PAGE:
JIS News

Corporate Public Relations Manager at the National Water Commission (NWC), Charles Buchanan, is assuring that the Commission is working to restore some of its systems during the course of on (Sept. 30).
“Some areas have had some restoration in power supply and so those systems that were being affected solely by power supply issues, we should be able to have those up and tested and running today,” he told JIS News in an interview.
For the past few days, the country has been experiencing severe weather conditions associated with Tropical Storm Nicole that has affected electricity and water systems.
Addressing a press conference called by Prime Minister, the Hon. Bruce Golding at Jamaica House on (Sept. 29), Mr. Buchanan had informed that a number of the NWC’s systems across the country were either experiencing total shutdown, or significant reduction in output capacity, that had resulted in no water, or low water pressure for some citizens.
Mr. Buchanan told JIS News today that despite experiencing difficulties due to damage to some of its facilities, the Commission was working to restore normality in the shortest possible time.
“We have suffered some internal electrical and or mechanical damage at some facilities, any system that can be put into operation, is being operated, but unfortunately, based on the level of damage sustained, the fact that we are still experiencing ongoing weather conditions, the rivers are still in spate and a number of areas are still blocked and still inundated,” he said.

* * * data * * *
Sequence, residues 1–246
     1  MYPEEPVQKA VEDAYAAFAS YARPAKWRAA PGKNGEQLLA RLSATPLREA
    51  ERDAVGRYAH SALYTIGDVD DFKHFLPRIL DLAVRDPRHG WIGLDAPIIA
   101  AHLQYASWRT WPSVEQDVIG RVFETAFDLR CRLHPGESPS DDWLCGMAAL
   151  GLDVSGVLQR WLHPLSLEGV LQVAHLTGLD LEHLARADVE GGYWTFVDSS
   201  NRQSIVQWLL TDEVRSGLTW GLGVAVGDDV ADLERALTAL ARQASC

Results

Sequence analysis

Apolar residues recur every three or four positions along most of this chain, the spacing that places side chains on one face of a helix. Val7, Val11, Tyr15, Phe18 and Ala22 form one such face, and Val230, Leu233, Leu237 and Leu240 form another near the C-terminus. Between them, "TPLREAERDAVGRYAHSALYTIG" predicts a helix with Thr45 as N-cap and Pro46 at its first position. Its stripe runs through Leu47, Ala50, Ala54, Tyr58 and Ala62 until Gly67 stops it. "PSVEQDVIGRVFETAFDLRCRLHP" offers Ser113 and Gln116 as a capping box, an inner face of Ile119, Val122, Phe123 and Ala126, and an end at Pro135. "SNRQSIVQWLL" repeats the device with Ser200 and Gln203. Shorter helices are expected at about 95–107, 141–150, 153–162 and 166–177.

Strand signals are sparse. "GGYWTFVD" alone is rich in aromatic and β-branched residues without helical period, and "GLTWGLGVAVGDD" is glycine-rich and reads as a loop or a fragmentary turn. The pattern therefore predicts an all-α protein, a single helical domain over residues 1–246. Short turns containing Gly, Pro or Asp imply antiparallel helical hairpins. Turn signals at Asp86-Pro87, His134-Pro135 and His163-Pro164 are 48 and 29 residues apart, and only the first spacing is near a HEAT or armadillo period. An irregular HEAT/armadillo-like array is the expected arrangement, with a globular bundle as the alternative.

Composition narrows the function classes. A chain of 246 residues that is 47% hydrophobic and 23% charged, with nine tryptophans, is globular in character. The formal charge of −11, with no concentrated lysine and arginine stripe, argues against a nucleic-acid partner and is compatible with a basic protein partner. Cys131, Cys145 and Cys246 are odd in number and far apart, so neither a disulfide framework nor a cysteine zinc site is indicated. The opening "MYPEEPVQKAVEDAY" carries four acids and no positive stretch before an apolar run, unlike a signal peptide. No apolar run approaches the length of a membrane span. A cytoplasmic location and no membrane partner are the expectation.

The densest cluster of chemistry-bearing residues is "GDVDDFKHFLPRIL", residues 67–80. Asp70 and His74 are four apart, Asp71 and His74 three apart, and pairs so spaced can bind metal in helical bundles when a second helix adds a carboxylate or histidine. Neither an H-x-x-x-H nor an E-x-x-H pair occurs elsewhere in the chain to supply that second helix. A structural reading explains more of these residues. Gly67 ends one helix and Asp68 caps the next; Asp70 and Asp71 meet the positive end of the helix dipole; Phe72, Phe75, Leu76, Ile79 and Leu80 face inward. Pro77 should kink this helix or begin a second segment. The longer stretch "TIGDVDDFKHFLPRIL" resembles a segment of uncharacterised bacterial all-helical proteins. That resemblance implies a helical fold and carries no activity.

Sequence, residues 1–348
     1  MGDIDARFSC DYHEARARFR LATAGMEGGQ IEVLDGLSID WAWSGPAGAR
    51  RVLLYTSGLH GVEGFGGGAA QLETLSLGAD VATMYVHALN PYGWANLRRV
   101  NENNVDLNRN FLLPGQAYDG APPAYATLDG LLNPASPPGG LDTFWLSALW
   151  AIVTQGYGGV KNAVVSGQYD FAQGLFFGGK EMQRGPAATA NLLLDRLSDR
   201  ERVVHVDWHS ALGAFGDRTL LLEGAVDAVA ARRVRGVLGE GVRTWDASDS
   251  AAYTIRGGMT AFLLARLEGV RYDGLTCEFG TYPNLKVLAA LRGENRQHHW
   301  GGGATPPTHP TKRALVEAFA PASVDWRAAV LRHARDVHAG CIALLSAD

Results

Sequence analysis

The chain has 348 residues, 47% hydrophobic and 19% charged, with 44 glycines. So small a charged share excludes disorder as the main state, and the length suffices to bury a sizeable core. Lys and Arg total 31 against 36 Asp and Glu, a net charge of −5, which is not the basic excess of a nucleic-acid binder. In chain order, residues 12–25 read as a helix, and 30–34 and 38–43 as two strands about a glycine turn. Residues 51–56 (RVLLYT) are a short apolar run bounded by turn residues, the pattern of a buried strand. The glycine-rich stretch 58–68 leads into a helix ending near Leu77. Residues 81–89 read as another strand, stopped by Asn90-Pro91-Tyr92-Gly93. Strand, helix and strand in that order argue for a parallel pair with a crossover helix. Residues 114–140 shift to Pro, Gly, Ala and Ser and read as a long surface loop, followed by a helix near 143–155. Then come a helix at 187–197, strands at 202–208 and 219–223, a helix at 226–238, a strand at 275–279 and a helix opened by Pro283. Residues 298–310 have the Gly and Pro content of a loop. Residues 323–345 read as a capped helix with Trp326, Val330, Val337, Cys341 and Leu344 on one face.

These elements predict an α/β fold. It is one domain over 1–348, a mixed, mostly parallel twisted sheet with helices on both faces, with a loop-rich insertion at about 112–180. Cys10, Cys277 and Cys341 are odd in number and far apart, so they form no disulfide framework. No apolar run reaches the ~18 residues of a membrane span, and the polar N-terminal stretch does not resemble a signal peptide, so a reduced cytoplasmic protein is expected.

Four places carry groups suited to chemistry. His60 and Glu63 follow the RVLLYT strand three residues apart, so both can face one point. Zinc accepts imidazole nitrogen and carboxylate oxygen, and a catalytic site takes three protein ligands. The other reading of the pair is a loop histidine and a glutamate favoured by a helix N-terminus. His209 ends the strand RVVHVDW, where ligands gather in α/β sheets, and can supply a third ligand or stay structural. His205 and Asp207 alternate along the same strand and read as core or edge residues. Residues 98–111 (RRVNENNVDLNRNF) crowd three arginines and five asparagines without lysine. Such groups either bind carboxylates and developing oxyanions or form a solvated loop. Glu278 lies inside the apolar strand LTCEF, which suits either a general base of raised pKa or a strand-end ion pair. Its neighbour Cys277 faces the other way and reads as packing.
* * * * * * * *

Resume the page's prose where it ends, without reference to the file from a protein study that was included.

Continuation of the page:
He stressed that water supply systems are inherently vulnerable to extreme weather events and the current problems are not a mark of any incompetence or inefficiency on the part of NWC.
“We are heavily dependent on public power supply, because we have to pump to a very hilly terrain,” he pointed out.
He further explained that the NWC is dependent on a number of small river and spring sources, which in severe weather conditions become inundated.
“We are not only getting water coming downstream but heavily mud-laden water carrying a lot of debris, garbage, stones, sand, even trees. So this has severe impact on our intake structures some of which have been damaged. We have also had a number of blockages of our intakes and a number of access ways to our facilities have been impeded by landslides and flooding,” he said.
Mr. Buchanan informed that broken mains have also been reported in terms of the Commission’s transmission operations. “So, we are taking raw water from some locations to a treatment plant, and transmitting it between pumping stations. In some of these instances, that means that the entire network for that particular water supply system would be out,” he explained.
He noted however, that some wells, particularly in the Corporate Area, would be re-commissioned.
“Some of our well sources in Kingston and St. Andrew, the Havendale Well for instance, we expect that we should be able to get that up into operation and a few others like that,” he assured, adding that it may be a while before all the NWC’s systems are able to be put back into normal operations.

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